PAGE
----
• You ask to be forgiven for vows you have broken this past year, and, by the way, if you make vows this year and try as hard as you can and can’t fulfill them, then please forgive them too, in advance (I have a lawyer friend who says this is his favorite.);
  • You are asked not why you haven’t been as great as Moses, but why you haven’t been true to the best in yourself.

And now for the feast.  Our congregation has a potluck, and they assign either sweets or salads and side dishes by last name in the alphabet.  I got desserts, and decided to make a fruit pizza with honey and apples, traditional foods for this holiday. Remember the Wow factor of fruit pizza. (I am sure that food vanity, as well as food lust, is one of my weaknesses.) I know I said earlier that you probably couldn’t use hard fruit like apples on a fruit pizza, but I hadn’t thought of cooked apples – a revelation.

Apple-Honey Fruit Pizza

Cookie dough crust

I made the cookie dough crust the same way as before, with two exceptions: I left out the almond extract, and instead, when I mixed the dry ingredients, (flour, etc.,) I added 1 teaspoon of ground cinnamon and 1/4 teaspoon of ground nutmeg.  This made a nice, autumn-tasting cookie crust.

I also tried a new technique.  I cut a big circle of parchment paper and sprayed the bottom of the pan with cooking spray to hold it down.  Then I sprayed the top of the parchment paper with cooking spray before I put down the crust.  This solved a big problem for me, which is that my pizza pans are old and reprehensible looking, and must be covered with aluminum foil.  But the cookie crust always stuck to the aluminum foil when you cut up the fruit pizza.  This way, the crust lifted fight off the parchment and cooled on a rack.  I could freshly cover the pizza pan with foil to make it publicly acceptable, and plunk the crust on it to assemble.  Parchment paper is my friend.

Cream cheese layer:  I made this the same way as usual.

Apple-honey topping

Apples, peeled and cored
1/4 cup water
2 Tablespoons sugar
1/2 cup of honey
1/2 teaspoon cinnamon

Use firm apples that won’t turn to mush when you cook them.  I used Jonagold, but there are lots of good cooking apples this time of year. I needed 6 apples.  It’s going to depend on the size of your apples.  I would cook extra (you can always eat them).  Cut the apples lengthwise in about 1/2 inch wide slices. I cut mine into quarters and then each quarter into 5-6 pieces. Again, this depends on the size of your apples.  Put the apples in a large pan with the water and sugar.  Cover and cook over a low heat until they are tender, stirring gently occasionally so they cook evenly.  Watch them carefully. You don’t want them to turn into apple mush – you want them in distinct pieces.  Using a slotted spoon, remove the apples from the pan and spread on a flat surface (like a cookie sheet) to cool.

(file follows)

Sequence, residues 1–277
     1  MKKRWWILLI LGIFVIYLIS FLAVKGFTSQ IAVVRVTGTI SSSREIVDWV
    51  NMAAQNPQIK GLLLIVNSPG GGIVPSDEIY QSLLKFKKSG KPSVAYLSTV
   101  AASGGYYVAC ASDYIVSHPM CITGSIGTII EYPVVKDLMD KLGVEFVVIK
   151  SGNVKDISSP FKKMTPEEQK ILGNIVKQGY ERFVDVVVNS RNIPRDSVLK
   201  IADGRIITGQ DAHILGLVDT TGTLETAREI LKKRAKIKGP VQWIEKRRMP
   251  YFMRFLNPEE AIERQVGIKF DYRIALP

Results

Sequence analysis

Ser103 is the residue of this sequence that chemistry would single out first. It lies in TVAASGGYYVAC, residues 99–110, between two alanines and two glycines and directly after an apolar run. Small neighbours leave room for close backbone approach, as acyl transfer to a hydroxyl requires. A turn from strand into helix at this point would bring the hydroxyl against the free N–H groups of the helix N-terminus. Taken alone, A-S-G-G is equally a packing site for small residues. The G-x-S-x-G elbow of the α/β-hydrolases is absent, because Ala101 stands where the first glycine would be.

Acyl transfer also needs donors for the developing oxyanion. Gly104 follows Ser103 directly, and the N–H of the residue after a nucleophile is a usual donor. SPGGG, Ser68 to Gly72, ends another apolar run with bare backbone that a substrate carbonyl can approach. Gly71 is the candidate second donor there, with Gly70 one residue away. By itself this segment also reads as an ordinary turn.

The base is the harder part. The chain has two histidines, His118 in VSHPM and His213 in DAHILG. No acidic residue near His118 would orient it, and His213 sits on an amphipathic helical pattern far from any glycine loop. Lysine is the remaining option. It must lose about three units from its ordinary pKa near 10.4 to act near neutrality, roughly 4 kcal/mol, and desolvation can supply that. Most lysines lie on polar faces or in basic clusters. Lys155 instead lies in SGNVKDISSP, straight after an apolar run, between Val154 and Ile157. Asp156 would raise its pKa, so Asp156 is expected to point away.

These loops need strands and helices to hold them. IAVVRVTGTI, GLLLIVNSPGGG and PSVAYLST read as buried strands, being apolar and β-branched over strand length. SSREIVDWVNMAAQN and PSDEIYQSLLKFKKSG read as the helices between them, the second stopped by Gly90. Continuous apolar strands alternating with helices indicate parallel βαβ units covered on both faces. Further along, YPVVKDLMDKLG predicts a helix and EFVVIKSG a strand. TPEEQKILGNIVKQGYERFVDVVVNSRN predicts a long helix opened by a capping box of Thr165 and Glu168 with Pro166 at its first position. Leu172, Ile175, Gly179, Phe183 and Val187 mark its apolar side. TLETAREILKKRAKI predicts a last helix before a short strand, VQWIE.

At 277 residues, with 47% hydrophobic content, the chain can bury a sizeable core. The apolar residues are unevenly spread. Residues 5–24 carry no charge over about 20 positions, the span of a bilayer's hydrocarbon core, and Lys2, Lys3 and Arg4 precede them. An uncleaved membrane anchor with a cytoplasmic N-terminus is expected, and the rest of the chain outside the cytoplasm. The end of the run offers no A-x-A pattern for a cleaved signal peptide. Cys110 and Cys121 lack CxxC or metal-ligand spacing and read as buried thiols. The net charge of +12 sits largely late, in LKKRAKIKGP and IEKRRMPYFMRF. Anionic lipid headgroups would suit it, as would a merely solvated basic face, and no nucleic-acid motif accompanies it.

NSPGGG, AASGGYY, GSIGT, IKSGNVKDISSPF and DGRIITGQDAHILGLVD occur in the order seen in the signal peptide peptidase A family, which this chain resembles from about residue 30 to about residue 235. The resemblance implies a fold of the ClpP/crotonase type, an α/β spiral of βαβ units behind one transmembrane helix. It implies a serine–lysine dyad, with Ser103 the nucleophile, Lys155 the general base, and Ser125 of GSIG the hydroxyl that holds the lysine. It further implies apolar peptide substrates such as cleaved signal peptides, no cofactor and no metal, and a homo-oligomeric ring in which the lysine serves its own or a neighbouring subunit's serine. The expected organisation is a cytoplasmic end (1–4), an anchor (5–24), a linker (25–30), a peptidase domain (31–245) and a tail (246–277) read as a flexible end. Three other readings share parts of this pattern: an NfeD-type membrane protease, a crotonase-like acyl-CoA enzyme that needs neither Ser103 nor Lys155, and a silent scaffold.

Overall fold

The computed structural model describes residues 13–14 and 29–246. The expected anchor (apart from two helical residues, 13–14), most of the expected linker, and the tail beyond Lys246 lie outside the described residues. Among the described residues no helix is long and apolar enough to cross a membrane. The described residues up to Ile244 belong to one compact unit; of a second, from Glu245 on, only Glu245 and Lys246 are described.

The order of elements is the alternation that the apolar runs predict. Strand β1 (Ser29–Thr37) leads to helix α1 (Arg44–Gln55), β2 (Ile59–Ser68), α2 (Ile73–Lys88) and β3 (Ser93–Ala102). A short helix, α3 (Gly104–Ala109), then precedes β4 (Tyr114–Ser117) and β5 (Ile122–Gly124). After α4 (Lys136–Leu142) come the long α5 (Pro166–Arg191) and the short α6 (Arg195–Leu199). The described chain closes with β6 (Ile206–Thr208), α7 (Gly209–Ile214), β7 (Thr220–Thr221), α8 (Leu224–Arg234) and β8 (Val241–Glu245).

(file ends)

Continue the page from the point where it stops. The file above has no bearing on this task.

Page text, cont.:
To make the honey glaze, heat the honey and cinnamon in a small bowl, stirring to incorporate the cinnamon (I didn’t stir it in well enough, and had to remove a couple of globs of cinnamon, which you can see in the photo.)  I heated the honey in the microwave. Allow to cool slightly.

Assembly: The fruit pizza can be assembled a couple of hours before you serve it, but it doesn’t hold for a long time, because the crust will get soggy. To assemble, spread the cream cheese topping over the cooled cookie crust. Gently place the apple slices in concentric rings on top of the filling.  Be careful not to squish the apples when you are handling them.  Once the apples are in place, gently spoon the honey-cinnamon glaze over the fruit pizza. Refrigerate the pizza, uncovered, for 20 minutes to allow the glaze to set. This is especially important if you are going to wrap it to take somewhere. Slice with a pizza cutter or a sharp knife. 12 servings with 6 grams of fat/serving, or 16 servings at 4.4 grams of fat/serving.

In this next year, may you be true to the best in yourself.

Saffron Yogurt Dessert (Shrikand)

In Mumbai, where I lived back when it was called Bombay, this simple dessert showed up at festive occasions.  Weddings, naming ceremonies, and other happy family occasions were sweetened with small servings of shrikand. It’s easy to make, requires no cooking, and keeps well when refrigerated.  It also looks very exotic with its deep yellow color and saffron scent.

Saffron Yogurt Dessert (Shrikand)

2 Tablespoons of hot milk
1/4 teaspoon crushed saffron
2 cups of non-fat yogurt
1 cup of non-fat sour cream
1/3 cup granulated sugar
1/4 teaspoon cardamom
1/3 cup golden raisins

Sprinkle saffron over 2 tablespoons of very hot milk for 20 minutes.  Soak raisins in warm water for 20 minutes.  Mix yogurt and sour cream (plain American non-fat yogurt is much tarter than Indian yogurt, and doesn’t have the right texture). Beat in sugar, cardamom, and the saffron with its milk. Drain raisins and add to the mixture.  This makes 6 servings, with virtually no fat/serving.

Variation: This dish is often served with pistachio nuts mixed in. Kesar pista (saffron pistachio) is a very popular flavor in western India.  You can add a quarter of a cup of chopped unsalted toasted pistachios to the mix (or sprinkle them on top of each serving).This will make your servings about 3 grams of fat.

Variation 2: Instead of the cardamom, add a tablespoon of rose water.


ABOUT KAREN

I have lost 200 pounds. I did not do it through surgery – I don’t like knives and needles – or by joining a club, vigorous exercise, or rigorous dieting. I did it by gourmet cooking. To be precise, by cooking low fat, really delicious food. I love to cook as much as I love to eat. Food magazines are some of my favorite reading. I would feel deprived if I couldn’t have the sensuous experience of good food crossing my lips. This blog is about my perpetual feast, my passionate love of food, with recipes, photos, and occasional advice and principles that I have learned along the way.

More about me.